The Playmaker
Let's play
PLAYMAKER
  • It's Sunday
    What day is it?
  • Now
    What time is it?
  • Anywhere in Melbourne
    Where are you?
  • What do you feel like?
    What do you feel like?
  • And what else?
    And what else?
  • LET'S PLAY

Pharaoh

This blockbuster NGV exhibition is bringing 500-plus ancient Egyptian items to Melbourne in 2024.
By Sarah Ward
September 21, 2023
  shares
By Sarah Ward
September 21, 2023
  shares

Everyone remembers studying ancient Egyptian history in school. Pyramids, pharaohs, boy kings, mummification: they aren't easily forgotten. Your next chance to explore this chapter of the past will get you walking through works from centuries ago, covering the time of Tutankhamun, Ramses II, Nefertari, Khufu and even Alexander the Great, all as part of an impressive exhibition at Melbourne's NGV International called Pharaoh.

Meet the venue's midyear blockbuster for 2024, which will fall into Victoria's annual Melbourne Winter Masterpieces season. Following on from 2023's Pierre Bonnard: Designed by India Mahdavi, this middle-of-the-calendar spectacular will run from Friday, June 14–Sunday, October 6 and feature items from the British Museum. That loan is quite significant, too, with Pharaoh including the venue's biggest-ever borrowing of ancient Egyptian jewellery, as well as pieces that previously haven't been shown.

In total, more than 500 works will be on display as the NGV peers back at Egypt from the 1st Dynasty to the Roman era — so, from around 3000 BCE to the 4th century CE. Expect to see plenty of gleaming artefacts given that focus on ancient Egyptian jewellery. The exhibition will also span coffins and other funerary items, as well as examples of architecture spanning tombs, temples, and also massive monuments and sculptures.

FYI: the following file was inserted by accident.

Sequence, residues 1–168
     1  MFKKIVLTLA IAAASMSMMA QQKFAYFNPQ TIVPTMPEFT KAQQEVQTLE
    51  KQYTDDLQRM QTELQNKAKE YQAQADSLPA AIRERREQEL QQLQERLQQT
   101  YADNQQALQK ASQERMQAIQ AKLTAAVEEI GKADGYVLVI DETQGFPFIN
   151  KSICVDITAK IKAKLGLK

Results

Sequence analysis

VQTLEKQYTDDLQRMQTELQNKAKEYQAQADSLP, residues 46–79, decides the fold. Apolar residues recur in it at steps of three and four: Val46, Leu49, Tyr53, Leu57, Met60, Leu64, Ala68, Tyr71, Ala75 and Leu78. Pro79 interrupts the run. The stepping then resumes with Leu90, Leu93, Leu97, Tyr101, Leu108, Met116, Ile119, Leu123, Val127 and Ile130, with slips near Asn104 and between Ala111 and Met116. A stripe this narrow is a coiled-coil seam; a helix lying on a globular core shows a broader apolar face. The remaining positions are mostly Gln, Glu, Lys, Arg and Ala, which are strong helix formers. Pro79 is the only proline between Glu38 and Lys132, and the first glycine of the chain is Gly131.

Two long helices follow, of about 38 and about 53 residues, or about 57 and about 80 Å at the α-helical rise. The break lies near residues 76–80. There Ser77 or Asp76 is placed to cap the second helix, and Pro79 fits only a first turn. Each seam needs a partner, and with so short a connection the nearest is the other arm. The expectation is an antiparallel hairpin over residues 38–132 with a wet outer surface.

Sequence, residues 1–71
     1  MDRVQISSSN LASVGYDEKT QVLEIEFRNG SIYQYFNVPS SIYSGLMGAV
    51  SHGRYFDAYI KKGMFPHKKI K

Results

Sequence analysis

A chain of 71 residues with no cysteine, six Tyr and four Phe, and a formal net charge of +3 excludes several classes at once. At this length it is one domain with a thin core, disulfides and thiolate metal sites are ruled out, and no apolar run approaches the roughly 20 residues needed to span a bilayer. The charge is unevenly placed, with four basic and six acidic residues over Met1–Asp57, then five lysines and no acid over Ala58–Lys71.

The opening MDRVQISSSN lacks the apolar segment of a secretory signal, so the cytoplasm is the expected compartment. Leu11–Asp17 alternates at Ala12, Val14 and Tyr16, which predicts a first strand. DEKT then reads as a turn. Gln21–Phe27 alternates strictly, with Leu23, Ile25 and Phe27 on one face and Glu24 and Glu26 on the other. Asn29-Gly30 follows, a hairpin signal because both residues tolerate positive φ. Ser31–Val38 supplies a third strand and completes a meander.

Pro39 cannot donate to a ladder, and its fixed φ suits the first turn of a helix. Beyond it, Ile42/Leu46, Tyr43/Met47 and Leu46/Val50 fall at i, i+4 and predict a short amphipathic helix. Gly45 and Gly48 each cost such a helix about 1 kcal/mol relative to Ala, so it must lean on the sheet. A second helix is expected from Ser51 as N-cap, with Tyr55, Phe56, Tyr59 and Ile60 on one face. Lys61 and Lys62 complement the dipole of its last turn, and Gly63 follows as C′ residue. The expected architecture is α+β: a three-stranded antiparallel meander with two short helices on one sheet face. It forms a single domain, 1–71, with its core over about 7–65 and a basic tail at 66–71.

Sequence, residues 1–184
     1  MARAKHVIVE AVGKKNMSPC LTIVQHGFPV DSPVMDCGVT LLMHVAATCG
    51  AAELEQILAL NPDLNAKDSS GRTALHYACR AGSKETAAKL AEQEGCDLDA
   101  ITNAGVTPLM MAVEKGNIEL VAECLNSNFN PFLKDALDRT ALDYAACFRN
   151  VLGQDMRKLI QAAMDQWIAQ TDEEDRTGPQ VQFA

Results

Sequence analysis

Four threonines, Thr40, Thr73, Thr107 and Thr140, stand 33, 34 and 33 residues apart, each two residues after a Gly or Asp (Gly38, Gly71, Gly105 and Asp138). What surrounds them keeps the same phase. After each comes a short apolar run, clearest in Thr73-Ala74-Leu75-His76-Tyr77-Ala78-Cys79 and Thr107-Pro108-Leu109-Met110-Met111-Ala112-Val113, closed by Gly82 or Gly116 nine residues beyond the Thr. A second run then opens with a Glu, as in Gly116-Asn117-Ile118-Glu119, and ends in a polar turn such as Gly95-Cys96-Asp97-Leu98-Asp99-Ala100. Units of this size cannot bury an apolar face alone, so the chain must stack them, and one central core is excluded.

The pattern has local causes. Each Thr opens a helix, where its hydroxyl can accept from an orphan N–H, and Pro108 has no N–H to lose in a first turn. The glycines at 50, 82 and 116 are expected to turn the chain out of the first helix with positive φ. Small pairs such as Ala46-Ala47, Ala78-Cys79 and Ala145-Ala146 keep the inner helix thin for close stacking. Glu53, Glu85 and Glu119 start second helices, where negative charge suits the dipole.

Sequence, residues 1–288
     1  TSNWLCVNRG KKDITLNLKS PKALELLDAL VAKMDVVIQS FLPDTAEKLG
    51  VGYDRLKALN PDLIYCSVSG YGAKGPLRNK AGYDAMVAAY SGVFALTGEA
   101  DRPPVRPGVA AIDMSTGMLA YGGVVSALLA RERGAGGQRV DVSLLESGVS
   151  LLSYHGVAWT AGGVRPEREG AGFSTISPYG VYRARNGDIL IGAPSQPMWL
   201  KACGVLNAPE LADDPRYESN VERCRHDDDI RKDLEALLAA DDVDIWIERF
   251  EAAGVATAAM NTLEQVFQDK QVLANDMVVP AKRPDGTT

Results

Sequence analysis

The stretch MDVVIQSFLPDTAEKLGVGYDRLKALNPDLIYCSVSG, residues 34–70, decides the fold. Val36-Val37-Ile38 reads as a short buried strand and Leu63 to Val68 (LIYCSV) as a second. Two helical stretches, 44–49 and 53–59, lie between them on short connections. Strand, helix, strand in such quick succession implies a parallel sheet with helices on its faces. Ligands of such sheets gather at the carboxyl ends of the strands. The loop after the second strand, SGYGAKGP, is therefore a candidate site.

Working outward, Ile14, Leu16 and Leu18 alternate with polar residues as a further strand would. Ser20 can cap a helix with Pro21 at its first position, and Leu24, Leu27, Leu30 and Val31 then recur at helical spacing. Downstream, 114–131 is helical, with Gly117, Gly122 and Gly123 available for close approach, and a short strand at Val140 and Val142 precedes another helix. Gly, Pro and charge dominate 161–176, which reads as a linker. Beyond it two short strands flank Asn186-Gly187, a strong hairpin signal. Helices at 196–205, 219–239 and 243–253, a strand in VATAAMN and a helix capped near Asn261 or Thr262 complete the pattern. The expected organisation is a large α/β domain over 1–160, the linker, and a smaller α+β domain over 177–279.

Plaque of Amenemhat IV, Probably Byblos, Lebanon, 12th Dynasty, reign of Amenemhat IV, about 1808- 1799 BC, Gold, H 2.9 cm, W 3.1 cm, D 0.1 cm, © The Trustees of the British Museum.

Among the specific highlights, a hefty wall from a 2.5-metre-high, three-metre-wide limestone wall from a mastaba tomb dating back to the Old Kingdom is one of them — complete with hieroglyphic texts carved into the surface. Also going big: a huge fist made of stone from a statue of Ramses II that hails from Memphis, in the temple of Ptah, and weighs in at almost 1.5 tonnes. Still on that particular ruler, Pharaoh will feature an enormous limestone statue of Ramses II that shows him as a high priest.

Visitors will also be able to see a seated statue of Sety II, Ramses II's grandson, which is also notable for being one of the most complete sculptures that still exist from the time. Or, check out Pharaoh's oldest item, a five-centimetre-wide ivory label that shows the 1st Dynasty's King Den. Jumping forward, a green siltstone head of the 18th Dynasty's Tuthmose III wearing the cobra headdress will also feature.

Among the gold, silver and gemstone-studded jewellery, everything from rings and necklaces to collars and girdles will be on display — and as sourced from tombs,  so will amulets that were placed to protect the deceased, to examine the role that adorning bodies played in ancient Egyptians' beliefs about the afterlife. Pharaoh won't just focus on jewels used after death, however, with pieces from places such as Akhenaten's royal city Amarna also part of the exhibition as it examines everyday life.

Still on royals, the showcase will boast objects from Deir el-Medina, where the craftspeople who were responsible for carving and decking out the Valley of the Kings' royal tombs resided. Here, attendees will see letters, notes, sketches and poems carved on limestone fragments.

Statue of Ramses II as a high-priest, Abydos, Egypt, 19th Dynasty, reign of Ramses II, about 1279-1213 BC, Limestone, H 171cm, W 71.5cm, D 98cm, © The Trustees of the British Museum.

Top image: Shabti of Pharaoh Sety I, Tomb of Sety I, Valley of the Kings, Thebes, Egypt, 19th Dynasty, reign of Sety I, about 1294-1279 BC, Blue faience, H 22.8 cm, W 9.6 cm, D 9.6 cm, © The Trustees of the British Museum.

  •   shares
      shares
  • VIEW COMMENTS
Tap and select Add to Home Screen to access Concrete Playground easily next time. x
Counter Pixel